Playing with Ideas
written by Rev Gary Heard

In the margins of my mind strange discussions and imaginings take place. It is the place where I dream of “what if?” and pull apart “what is”: where I entertain thoughts of possibilities and rail against realities which irk. From time to time I spend time at the margins, playing with the ideas, pushing and pulling them around, occasionally jettisoning some, at other times introducing others. When I occasionally take the time for a long-term view, I am amazed to discover how these marginal ideas have occasionally migrated to mainstream: things which many years ago I would banter around but have now become a central part of my life journey.

For example, I remember a conversation held at a conference on evangelism in 1993, when I suggested to another that we were on the cusp of a radical shift in thinking, both in the wider world and in the church. With the emergence of nostalgia in music and culture, I reflected that the times were not unlike those preceding the emergence of rock and roll music, when there were “Glenn Miller orchestras” emerging all over the place. I have to confess that the response I received was rather quizzical at the time, not unlike the response I had received during ministry training a few years earlier when I asked whether it was possible to have worship without singing. Both were thoughts I returned to periodically in the intervening years, until I allowed them to be ‘mainstreamed’ in my own life.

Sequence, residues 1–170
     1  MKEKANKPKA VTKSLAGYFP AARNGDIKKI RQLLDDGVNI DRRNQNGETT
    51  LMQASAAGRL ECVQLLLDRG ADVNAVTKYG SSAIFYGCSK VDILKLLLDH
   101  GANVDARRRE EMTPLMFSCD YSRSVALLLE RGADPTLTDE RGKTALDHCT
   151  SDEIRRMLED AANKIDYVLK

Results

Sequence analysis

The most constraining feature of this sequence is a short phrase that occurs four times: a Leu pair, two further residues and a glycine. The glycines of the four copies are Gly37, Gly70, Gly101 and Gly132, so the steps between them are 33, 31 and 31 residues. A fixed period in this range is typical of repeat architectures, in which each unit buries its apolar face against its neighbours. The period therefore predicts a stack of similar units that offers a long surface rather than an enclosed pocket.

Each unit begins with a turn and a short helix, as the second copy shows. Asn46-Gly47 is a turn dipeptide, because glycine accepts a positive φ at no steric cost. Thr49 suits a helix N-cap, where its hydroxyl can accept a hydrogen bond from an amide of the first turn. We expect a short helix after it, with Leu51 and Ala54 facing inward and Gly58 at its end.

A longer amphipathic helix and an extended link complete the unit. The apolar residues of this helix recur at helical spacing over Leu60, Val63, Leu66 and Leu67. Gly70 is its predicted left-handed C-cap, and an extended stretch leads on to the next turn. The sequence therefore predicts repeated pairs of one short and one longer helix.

There are also ideas which might have floated around for a  while only to be disappear into the ether (I vaguely remember an idea related to… no it is truly gone!), and others which have made the reverse journey – from being at the centre of my thinking but now no longer prominent, or placed into the margins to be reimagined, perhaps even lost forever. The place (and style) of preaching, and congregational singing are two in the latter category pertaining to church life.

Playing with ideas… seems to many to be immature. When we are dealing with serious matters, why play with them? Ought we not be much more serious about such important things?

I’d respond that these things are too important not to be played with. Children learn best through play. And adults are no different. Who hasn’t tried to make a computer game do something ‘out of the ordinary’? Or ‘played’ with a popular song from time to time? It is here that our creative and constructive energies are released. Perhaps the deeper question to be asked is not whether we should play with ideas, but whether this play ought to be mainstreamed rather than marginalised? Surely there is a place for both.

May 23, 2004
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